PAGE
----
Yearly eye exams are invaluable for correcting your vision and detecting changes in the eye consistent with visual disorders. Fortunately, this same eye exam can be used to discover underlying medical condition that need additional treatment.
The most common diseases that may be noticed via eye exam are chronic diseases like hypertension and diabetes. Both conditions can eventually lead to blindness if left uncontrolled. Hypertension can damage the blood vessels in the eye, leading to retinopathy. When blood pressure reaches critical levels it can also cause blood vessels in the eye to bleed. People with uncontrolled diabetes are at a high risk for developing cataracts. Similar to hypertension, diabetes can also cause retinopathy. Other eye disorders that are associated with diabetes include glaucoma and diabetic macular edema. Your eye doctor may be the first to notice changes in your eye that make them suspicious of an undiagnosed chronic disease.
There are numerous autoimmune diseases, with many of them having the potential to impact the eyes. For example, Grave's disease is one autoimmune condition that notoriously has eye symptoms. This disorder is an autoimmune form of hyperthyroidism and may cause the eyes to appear large or begin to protrude from their socket. Sjogren's disease is another condition that is frequently discovered because of eye symptoms. Destruction of the mucous membranes contribute to decreased saliva and tear production. Therefore, people with Sjogren's will frequently have dry, irritated eyes. Sjogren's can occur as a primary disorder or secondary to other autoimmune diseases like lupus, multiple sclerosis, and rheumatoid arthritis. Your eye doctor might discover signs of inflammation in the eye, suggesting there could be an underlying autoimmune disease.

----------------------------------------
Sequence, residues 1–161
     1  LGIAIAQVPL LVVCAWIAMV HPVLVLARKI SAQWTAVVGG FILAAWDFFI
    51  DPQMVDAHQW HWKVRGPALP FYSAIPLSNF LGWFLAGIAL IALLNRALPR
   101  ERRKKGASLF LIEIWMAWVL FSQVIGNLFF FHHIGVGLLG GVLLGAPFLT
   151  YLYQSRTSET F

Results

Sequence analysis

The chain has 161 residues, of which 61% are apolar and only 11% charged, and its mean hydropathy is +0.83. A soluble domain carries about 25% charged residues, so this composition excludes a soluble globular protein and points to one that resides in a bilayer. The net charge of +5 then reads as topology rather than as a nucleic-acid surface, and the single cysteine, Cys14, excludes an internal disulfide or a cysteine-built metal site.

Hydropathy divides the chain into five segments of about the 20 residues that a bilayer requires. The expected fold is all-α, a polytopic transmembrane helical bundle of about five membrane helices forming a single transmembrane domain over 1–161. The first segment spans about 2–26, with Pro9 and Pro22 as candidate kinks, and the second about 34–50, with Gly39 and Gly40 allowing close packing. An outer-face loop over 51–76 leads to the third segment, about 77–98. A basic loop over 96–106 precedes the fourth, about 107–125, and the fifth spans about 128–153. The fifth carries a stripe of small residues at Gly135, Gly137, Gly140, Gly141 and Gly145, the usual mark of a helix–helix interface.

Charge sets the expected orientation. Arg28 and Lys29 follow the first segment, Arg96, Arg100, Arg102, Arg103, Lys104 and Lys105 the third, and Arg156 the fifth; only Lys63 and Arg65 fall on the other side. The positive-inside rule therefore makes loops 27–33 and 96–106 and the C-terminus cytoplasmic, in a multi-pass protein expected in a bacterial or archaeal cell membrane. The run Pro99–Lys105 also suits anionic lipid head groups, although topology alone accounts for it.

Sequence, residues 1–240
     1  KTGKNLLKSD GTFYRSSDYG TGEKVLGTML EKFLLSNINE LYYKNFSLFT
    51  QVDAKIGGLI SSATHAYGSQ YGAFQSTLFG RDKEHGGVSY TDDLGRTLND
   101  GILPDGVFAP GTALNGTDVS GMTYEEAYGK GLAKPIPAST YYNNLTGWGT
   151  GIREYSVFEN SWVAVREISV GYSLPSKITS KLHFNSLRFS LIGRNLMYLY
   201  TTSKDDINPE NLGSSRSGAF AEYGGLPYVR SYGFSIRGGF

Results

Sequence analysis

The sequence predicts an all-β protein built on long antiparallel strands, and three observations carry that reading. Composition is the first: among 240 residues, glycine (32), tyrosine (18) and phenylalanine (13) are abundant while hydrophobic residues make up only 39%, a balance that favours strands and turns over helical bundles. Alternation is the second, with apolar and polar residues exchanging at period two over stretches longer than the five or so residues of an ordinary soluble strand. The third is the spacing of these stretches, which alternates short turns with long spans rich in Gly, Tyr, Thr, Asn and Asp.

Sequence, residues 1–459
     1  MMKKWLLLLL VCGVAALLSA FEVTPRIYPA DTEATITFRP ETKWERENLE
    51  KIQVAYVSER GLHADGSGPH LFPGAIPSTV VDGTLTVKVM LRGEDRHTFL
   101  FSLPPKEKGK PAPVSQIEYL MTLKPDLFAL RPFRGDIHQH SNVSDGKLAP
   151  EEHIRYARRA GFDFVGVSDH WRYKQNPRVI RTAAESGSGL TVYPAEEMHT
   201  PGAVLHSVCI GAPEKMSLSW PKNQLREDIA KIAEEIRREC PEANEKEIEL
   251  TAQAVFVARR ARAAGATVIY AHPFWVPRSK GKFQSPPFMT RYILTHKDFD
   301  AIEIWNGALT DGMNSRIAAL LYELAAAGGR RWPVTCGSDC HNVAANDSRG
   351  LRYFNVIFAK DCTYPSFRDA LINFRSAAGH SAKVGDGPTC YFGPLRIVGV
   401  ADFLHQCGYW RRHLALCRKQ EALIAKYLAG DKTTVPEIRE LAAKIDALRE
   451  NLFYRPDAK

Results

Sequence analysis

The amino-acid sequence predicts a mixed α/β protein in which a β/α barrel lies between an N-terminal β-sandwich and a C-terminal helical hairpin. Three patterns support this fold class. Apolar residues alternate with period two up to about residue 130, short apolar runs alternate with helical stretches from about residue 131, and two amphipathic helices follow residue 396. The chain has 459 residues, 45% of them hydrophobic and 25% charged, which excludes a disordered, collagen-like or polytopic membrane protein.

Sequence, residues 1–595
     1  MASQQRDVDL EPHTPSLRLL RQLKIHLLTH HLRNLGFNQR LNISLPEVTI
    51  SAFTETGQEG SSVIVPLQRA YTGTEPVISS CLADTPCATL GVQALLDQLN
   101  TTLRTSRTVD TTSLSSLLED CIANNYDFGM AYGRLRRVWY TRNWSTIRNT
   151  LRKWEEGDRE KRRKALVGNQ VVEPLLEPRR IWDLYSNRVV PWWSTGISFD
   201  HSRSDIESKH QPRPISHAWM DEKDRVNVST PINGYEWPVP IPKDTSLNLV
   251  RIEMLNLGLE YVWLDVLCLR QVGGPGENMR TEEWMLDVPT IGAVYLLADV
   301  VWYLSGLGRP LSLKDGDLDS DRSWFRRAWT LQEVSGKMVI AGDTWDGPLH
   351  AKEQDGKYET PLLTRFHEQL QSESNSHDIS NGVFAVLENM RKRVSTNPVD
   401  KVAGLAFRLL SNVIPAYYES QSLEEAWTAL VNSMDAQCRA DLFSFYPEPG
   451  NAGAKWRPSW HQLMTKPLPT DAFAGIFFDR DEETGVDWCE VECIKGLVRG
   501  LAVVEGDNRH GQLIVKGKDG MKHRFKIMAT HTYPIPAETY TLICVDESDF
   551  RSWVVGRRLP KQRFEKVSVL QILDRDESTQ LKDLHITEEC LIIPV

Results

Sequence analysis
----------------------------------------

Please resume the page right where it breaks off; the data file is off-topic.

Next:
Neurological Conditions And Malignancies
Neurological conditions can eventually affect the nerves responsible for both vision and eye movement. Your eye doctor might notice differences between the eyes, such as a drooping eyelid or limitations in your ability to move a single eye. These issues can be indicative of underlying problems, such as a stroke affecting the eye. In the case of malignancies, your eye doctor could notice abnormal pigmentation in the eye caused by ocular melanoma. Additionally, some people were diagnosed with brain cancer because of blood clots in or behind their eye or other visual disturbances.
Although you may only think of your routine eye exams as a way to be certain your vision is fine or to obtain vision correction, there is more to eye exams. It is not uncommon for eye doctors to be the first person to discover widespread health problems.
Contact professionals like Cripe Stephens & Stickel to learn more.